113 Animals Closer To Extinction After Australia's Bushfire Crisis

At least 113 species -- including birds, reptiles, frogs and fish -- need 'urgent' help to recover from the country's devastating bushfires, new figures have revealed. 

The Department of Agriculture has released the list of species that experts say need urgent attention, with some risking "imminent" extinction.

It follows a meeting of threatened species experts, convened by Environment Minister Sussan Ley, to prioritise recovery efforts for wildlife and ecosystems affected by fires that tore through much of southern and eastern Australia.

The list includes 13 birds, 19 mammals, 20 reptiles, 17 frogs, five invertebrate, 22 spiny crayfish and 17 freshwater fish.

Experts have stressed the estimate could change when teams on the ground are able to reach more fire-affected areas.



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The high-priority species were identified based on how much of their habitat has been burnt, how imperilled they were before the blazes and their vulnerability to fire.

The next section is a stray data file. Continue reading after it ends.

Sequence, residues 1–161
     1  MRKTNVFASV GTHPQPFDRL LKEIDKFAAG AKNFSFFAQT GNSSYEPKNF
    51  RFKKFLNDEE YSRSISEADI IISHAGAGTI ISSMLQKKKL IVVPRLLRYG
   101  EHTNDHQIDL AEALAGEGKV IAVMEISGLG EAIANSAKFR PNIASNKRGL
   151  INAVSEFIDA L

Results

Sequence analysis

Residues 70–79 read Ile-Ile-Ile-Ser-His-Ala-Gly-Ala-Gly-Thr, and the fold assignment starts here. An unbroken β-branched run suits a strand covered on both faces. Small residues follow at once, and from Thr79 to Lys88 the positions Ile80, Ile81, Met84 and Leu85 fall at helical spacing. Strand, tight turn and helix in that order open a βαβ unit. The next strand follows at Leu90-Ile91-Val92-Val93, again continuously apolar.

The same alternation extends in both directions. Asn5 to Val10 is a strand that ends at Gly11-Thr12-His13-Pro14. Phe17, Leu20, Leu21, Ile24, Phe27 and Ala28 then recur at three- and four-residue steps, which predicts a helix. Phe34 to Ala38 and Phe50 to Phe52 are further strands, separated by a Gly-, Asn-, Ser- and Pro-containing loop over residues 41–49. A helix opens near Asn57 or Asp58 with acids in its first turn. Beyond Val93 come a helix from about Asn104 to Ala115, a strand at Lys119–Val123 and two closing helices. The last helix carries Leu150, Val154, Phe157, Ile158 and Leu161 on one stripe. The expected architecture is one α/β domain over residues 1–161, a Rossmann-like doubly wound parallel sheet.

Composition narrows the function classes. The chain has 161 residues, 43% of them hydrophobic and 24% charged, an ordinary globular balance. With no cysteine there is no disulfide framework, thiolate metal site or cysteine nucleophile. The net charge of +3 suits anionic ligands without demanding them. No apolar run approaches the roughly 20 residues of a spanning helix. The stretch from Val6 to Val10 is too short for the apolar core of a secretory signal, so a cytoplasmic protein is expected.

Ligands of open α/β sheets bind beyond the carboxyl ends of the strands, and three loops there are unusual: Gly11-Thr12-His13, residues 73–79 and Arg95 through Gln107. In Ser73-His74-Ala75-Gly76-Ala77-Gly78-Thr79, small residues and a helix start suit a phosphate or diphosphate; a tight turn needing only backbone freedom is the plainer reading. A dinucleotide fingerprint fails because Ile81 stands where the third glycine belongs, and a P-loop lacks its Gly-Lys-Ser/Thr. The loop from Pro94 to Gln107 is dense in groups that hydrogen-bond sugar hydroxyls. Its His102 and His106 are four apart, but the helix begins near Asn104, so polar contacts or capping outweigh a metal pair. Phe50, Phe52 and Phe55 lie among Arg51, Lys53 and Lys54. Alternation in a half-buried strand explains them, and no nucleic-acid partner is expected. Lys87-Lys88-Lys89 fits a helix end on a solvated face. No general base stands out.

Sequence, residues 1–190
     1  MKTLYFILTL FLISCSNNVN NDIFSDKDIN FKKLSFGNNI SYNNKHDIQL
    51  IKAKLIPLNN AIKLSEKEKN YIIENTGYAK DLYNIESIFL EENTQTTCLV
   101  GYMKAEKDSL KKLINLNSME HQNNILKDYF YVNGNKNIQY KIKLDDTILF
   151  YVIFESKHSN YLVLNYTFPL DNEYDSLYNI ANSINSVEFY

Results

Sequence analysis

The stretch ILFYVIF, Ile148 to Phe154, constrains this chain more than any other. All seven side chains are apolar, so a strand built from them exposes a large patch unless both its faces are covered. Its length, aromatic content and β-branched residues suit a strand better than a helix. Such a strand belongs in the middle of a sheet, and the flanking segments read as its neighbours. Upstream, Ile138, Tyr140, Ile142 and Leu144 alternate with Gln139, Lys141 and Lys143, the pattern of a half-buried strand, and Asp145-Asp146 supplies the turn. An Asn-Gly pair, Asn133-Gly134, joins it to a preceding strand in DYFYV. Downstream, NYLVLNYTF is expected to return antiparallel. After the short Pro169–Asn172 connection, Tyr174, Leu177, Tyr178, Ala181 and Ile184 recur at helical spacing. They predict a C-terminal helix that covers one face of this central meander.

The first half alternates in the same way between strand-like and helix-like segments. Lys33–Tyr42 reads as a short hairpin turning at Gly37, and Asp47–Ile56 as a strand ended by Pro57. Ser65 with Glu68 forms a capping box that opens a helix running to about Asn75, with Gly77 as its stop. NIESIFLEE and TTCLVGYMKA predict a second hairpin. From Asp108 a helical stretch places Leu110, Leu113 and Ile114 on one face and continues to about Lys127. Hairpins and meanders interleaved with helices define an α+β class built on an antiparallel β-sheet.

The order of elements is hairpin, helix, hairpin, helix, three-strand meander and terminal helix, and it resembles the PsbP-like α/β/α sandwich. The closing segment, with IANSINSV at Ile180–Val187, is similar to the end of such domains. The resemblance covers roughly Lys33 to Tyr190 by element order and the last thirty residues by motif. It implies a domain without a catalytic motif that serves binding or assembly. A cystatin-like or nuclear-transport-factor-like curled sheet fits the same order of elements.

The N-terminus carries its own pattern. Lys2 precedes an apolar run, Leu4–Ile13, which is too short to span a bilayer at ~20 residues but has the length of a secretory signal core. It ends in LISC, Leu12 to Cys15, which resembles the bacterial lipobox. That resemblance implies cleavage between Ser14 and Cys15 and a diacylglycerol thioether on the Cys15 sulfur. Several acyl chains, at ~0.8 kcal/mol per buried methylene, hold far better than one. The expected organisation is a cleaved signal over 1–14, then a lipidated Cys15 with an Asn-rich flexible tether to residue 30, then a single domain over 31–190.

The department said most of the animals have had at least 30 per cent of their range burnt -- but for many, that number is much higher.

Some species were already listed as threatened under national environment laws before the fires  -- such as the Kangaroo Island Dunnart, Pugh's Frog and the Blue Mountains Water Skink.

The endangered Kangaroo Island dunnart. Image: Kangaroo Island Land For Wildlife Facebook

Others that were otherwise considered 'secure' have now lost much of their habitat, including the Smoky Mouse, Koala and Giant Burrowing Frog.

Several animals, including the platypus and lesser-known species like the Golden-Tipped Bat, have been placed on the list provisionally.



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A separate assessment of plants is underway, but the department said that requires more time as a large number of species is being assessed.

Ley said assessing the true scale of the devastation had been limited due to ongoing blazes in some areas and smouldering grounds.

Mark Graham


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While priority actions will differ across species, recovery teams will work to establish the extent of population loss on the ground and protect unburnt areas.

Last month, the government announced $50 million in emergency funding for wildlife recovery.

Work is underway across the states and territories to look after animals that have survived the blazes, including food drops for species such as the endangered Brush-Tailed Rock-Wallaby and recovery operations for the Southern Corroboree Frog in NSW.



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